Columnists > Glimpses of Eden

10 July 2014 | by Jonathan Tulloch

Glimpses of Eden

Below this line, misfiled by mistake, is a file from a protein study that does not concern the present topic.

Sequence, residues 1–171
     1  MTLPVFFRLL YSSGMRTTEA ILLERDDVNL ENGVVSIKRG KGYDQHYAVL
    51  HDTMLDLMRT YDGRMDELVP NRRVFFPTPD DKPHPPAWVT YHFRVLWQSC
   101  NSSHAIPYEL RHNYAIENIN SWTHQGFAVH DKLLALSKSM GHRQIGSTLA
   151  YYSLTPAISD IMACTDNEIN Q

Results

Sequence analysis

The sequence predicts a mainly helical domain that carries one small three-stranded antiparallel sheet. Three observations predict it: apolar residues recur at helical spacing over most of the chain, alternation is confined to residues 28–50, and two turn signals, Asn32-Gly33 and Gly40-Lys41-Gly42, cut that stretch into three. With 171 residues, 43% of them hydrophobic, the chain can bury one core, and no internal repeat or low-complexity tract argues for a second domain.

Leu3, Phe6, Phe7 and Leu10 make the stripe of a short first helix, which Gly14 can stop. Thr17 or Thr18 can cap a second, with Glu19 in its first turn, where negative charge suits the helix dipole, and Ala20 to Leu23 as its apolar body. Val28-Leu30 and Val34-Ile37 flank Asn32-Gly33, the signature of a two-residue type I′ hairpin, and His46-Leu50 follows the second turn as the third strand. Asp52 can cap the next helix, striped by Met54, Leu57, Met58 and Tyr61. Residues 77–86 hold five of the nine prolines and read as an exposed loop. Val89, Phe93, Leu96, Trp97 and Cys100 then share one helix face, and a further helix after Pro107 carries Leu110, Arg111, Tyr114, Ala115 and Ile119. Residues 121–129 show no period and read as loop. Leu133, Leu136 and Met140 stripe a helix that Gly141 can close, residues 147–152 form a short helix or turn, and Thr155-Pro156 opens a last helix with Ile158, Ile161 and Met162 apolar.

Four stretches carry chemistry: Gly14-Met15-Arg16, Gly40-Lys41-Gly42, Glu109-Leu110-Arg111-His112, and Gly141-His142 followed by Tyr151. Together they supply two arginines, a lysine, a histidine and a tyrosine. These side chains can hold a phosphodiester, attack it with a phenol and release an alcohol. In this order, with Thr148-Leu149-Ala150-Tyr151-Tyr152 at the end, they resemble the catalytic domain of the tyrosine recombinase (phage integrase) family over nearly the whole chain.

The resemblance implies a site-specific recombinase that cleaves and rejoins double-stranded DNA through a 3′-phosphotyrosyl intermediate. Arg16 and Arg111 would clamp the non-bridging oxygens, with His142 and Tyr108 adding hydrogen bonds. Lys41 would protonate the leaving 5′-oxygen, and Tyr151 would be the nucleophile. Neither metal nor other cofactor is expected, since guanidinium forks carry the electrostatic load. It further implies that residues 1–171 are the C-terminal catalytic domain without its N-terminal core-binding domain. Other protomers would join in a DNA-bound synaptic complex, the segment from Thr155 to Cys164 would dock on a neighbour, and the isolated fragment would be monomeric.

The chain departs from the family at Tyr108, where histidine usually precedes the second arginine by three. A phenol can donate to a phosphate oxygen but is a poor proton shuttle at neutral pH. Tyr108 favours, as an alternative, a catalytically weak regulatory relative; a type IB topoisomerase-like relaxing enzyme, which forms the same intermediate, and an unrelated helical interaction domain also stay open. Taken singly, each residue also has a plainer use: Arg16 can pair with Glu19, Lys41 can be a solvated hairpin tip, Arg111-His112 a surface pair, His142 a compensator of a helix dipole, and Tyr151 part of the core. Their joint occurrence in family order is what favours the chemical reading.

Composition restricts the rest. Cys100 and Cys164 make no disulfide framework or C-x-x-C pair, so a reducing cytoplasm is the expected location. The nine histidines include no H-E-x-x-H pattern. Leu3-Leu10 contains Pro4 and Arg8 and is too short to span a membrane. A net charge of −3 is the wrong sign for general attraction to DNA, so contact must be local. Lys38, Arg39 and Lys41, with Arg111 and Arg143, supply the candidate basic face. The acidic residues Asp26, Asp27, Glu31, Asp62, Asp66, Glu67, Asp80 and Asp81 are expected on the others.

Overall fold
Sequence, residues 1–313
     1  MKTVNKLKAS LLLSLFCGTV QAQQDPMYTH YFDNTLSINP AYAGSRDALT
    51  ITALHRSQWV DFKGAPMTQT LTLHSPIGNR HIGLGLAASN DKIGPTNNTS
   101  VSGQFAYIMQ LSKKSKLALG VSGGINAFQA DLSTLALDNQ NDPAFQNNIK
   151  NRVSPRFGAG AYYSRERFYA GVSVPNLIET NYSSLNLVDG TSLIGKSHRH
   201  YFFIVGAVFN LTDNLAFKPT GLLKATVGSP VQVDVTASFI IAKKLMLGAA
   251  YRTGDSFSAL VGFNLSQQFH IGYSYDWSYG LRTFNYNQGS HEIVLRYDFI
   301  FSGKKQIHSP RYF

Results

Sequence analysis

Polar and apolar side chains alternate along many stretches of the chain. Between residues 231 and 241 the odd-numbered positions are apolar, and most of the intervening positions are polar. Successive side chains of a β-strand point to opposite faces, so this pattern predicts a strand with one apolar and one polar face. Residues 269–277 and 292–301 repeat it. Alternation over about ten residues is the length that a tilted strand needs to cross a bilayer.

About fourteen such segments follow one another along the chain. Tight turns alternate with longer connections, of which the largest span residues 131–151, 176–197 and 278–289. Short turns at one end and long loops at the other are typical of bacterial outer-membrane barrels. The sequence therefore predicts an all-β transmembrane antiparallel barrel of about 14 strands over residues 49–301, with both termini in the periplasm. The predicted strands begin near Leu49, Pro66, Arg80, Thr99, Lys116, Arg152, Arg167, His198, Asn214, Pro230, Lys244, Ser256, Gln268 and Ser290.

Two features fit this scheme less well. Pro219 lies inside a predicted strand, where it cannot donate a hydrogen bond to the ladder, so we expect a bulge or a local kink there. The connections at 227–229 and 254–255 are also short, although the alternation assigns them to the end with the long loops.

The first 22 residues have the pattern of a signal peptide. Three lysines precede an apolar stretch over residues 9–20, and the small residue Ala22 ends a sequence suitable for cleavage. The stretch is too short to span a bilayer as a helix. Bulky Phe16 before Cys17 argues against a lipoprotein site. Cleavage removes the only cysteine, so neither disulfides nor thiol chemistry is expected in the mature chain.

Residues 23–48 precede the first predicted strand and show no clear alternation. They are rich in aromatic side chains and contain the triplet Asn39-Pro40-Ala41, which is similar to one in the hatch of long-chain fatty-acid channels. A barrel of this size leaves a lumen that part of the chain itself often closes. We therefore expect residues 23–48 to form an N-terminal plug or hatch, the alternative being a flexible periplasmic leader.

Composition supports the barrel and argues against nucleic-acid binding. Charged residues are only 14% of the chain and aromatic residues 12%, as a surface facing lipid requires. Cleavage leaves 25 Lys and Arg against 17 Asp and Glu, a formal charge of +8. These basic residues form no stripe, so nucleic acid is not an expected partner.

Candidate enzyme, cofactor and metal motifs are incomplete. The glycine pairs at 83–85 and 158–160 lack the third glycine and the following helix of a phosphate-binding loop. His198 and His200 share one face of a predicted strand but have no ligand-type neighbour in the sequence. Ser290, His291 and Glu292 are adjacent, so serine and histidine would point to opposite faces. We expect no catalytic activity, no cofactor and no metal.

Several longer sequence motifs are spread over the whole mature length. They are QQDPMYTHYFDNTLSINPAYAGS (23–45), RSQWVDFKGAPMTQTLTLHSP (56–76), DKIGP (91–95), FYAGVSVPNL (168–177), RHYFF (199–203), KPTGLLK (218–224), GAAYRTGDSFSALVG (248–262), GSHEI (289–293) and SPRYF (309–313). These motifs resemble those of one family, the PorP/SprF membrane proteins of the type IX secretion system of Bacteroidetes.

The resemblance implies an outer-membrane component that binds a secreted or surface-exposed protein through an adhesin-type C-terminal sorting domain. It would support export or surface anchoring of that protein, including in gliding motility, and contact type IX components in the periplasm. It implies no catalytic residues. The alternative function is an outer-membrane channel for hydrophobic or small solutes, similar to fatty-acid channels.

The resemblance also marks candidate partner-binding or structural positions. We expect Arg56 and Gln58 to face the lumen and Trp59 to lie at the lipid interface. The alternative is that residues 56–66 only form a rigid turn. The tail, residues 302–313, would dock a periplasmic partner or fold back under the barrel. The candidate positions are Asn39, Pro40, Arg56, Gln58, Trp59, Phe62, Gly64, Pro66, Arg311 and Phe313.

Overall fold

Although common, the hedge woundwort is shy and retiring. This thin, tallish plant lurks in the depths of hedges, or lifts its nettle-like spires in the shadowy woodland edges. Yet despite such modesty, it is one of the main currencies in nature’s economy. About this time of year, its wine-red flowers burst into life, and, concealed from us as they may be, the pollinators know exactly where to find them. In the past, when we lived far closer to the woundwort’s green halls than we do now, we too would have known exactly where these plants were to be found. A key herb in the cottage first-aid kit, woundwort had to be kept handy. The furry leaves were the first stop in staunching bleeding. Wrapped round the kind of deep nicks you get from a sharpened scythe or a sickle, the leaf


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